An Anti-Terrorism Court of Pakistan has charged 106 suspects with beating and burning a Christian couple in a brick kiln furnace in Kot Radha Kishan, last November.

They had been falsely accused of desecrating the Holy Quran.
The indictment of the 106 came after the police submitted a challan (charge-sheet) against the suspects at the anti-terrorist court in Lahore on May 22.

The challan states that Maulvi Mohammad Hussain, Maulvi Arshad Baloch and Maulvi Noorul Hassan were involved in persistent provocative speech against the couple which led to the assembly of 400 people, as a mob, who then burnt Shama and Shahzad Masih alive.

After the challan was presented at the hearing, the court also held Yousaf Gujjar, the owner of the brick kiln where the couple was beaten to death, responsible.

The enraged mob beat the Christian couple to death in November last year for allegedly desecrating a copy of the Holy Quran and burnt their bodies in the brick kiln where they worked.

The incident took place in the town of Kot Radha Kishan, some 60 kilometres southwest of Lahore.

The blasphemy law is widely being misused by individuals to settle personal vendettas.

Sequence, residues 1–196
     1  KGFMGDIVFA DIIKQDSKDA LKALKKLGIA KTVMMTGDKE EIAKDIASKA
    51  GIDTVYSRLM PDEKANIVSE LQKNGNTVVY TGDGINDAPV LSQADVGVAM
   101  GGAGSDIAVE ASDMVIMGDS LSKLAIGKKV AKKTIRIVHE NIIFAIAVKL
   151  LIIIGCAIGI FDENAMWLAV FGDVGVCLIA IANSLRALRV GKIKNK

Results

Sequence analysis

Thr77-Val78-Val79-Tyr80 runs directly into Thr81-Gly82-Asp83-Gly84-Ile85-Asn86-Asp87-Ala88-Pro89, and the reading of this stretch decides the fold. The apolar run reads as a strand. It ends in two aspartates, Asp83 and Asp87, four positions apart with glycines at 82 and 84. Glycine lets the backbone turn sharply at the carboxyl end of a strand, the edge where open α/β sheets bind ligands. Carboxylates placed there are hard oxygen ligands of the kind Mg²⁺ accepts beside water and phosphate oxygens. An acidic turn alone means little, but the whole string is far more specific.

Every year in Pakistan several innocent people are killed, churches are attacked, Christian towns and villages are set on fire simply after allegations of blasphemy are made.

CLAAS provides free legal aid to those who are charged under the blasphemy law and also campaigns to stop its misuse.

We have several examples, like in Rimsha Masih’s case where Imam Jadoon Chishti planted evidence and in 2005 Muhammad Saleem admitted that he had falsely accused Yousaf Masih of burning the Quran Mahal (Quran Palace).

After Yousaf was accused three churches were attacked and set on fire, a Christian library was burnt and a convent was attacked, but Saleem was never questioned.

This is the time for the courts deliver justice and punish those who provoked the mob to take the law into their own hands. The court must set an example to deter people from taking the law into their own hands in the future.

The Supreme Court has taken a suo motu notice of this case, and we are not aware of its present status.